Christian School Sues State For Trying To Sidestep SCOTUS Decision On Religious Discrimination

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Kate Anderson Contributor
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A Christian school in Maine filed a lawsuit against the state Department of Education (DOE) for allegedly intending to circumvent a recent Supreme Court ruling barring the state from discriminating against religious schools.

In Carson v. Makin, the Supreme Court ruled that religious and private schools are eligible to receive tuition funds through the state’s school choice program, provided that they met the same requirements as other schools. In response, Maine lawmakers passed legislation that limited the ability for religious schools to gain an exemption from certain nondiscrimination rules while participating in the program, prompting First Liberty Institute to file a lawsuit on behalf of Bangor Christian School on Tuesday. (RELATED: School Board Refuses To Review Policy Telling Girls To Leave Locker Room If Uncomfortable With Trans Students)

“From 1980 until the Supreme Court’s 2022 decision in Carson v. Makin, parents could not use their tuition benefit at a religious school. But in anticipation of the Supreme Court’s decision, the Maine legislature changed the law to require BCS to violate its sincerely held religious beliefs in order to participate,” a press release on the lawsuit read. “This ‘poison pill’ imposes requirements that will prohibit BCS from teaching from its religious perspective or considering in admissions applicants’ alignment with the school’s statement of faith and religious educational mission.”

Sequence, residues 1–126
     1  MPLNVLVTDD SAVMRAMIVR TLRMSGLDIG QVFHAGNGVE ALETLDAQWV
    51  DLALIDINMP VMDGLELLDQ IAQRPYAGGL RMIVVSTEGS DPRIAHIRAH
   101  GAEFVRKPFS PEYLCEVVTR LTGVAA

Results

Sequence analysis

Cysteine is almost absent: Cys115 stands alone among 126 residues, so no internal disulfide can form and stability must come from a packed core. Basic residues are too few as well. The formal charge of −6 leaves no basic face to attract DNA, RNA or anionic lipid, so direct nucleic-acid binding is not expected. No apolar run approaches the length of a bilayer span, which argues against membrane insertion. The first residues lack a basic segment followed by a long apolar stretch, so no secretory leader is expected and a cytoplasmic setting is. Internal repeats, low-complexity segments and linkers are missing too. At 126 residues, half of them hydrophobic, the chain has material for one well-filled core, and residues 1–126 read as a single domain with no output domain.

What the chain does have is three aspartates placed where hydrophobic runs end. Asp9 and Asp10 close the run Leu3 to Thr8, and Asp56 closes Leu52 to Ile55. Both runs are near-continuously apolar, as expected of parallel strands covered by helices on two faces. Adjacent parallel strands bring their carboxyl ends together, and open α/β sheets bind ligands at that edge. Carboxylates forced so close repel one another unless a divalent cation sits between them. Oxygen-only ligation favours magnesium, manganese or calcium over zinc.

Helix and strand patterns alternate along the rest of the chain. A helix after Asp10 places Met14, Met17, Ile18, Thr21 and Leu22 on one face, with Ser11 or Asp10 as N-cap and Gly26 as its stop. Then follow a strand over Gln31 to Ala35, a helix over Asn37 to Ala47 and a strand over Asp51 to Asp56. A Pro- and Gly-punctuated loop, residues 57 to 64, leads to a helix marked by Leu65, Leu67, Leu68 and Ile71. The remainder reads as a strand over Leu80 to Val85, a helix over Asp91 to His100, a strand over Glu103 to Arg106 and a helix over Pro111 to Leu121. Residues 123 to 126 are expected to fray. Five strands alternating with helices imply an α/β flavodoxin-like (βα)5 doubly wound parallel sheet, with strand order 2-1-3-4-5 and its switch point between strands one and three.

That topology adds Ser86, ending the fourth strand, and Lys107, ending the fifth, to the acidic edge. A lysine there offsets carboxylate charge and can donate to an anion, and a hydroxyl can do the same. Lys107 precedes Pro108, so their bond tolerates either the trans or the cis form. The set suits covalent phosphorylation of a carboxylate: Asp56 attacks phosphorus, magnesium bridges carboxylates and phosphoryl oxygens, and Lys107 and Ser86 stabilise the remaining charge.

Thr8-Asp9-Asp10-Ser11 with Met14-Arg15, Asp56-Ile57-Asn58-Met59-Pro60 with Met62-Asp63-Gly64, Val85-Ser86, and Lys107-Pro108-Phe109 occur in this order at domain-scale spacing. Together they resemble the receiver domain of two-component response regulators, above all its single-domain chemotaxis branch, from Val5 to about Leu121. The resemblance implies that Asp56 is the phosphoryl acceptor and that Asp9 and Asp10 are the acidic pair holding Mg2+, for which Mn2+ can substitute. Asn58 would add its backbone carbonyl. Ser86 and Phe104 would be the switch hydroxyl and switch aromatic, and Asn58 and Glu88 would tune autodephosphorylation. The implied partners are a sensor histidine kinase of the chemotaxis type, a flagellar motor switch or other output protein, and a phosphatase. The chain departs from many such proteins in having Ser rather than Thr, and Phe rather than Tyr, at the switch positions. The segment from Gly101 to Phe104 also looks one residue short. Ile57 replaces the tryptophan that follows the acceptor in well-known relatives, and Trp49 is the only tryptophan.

Demonstrators gather to protest a controversial religious freedom bill in Indianapolis

Demonstrators gather at Monument Circle to protest a controversial religious freedom bill recently signed by Governor Mike Pence during a rally in Indianapolis March 28, 2015. (REUTERS/Nate Chute)

The lawsuit explained that the new rule excluded religious schools that participated in the school tuition program from being able to gain an exemption protecting their right to teach in accordance with their religious beliefs. If a school wishes to gain access to the school choice program they must either teach subjects that violate their religious beliefs or potentially be “subject to investigations, complaints, and large fines for offering instruction consistent with their sincerely held religious beliefs.”

“This ‘poison pill’ effectively deters religious schools from participating and thereby perpetuates the religious discrimination at the heart of the sectarian exclusion,” the lawsuit read. “The Legislature crafted the poison pill explicitly to circumvent the Supreme Court’s decision in Carson. The poison pill also specifically targeted Plaintiff, who operates the school that two of the Carson plaintiffs attended.”

Lea Patterson, an FLI attorney, told the Daily Caller News Foundation that the state’s hostility could be easily found in Maine Attorney General Aaron Frey’s public statement that followed the Supreme Court’s Carson v. Makin decision. Frey said that he was “disheartened” by the decision and accused religious schools of being “fundamentally at odds with values we hold dear,” arguing that religious schools “promote discrimination, intolerance, and bigotry.”

“I think [Frey’s statement] pretty clearly sums up that the state’s position is that religious schools should not participate because the state does not like their religious beliefs,” Patterson told the DCNF. “Obviously I can’t predict the future, but I am confident [about the court’s upcoming decision on the lawsuit].”

The Maine DOE did not immediately respond to the Daily Caller News Foundation’s request for comment.

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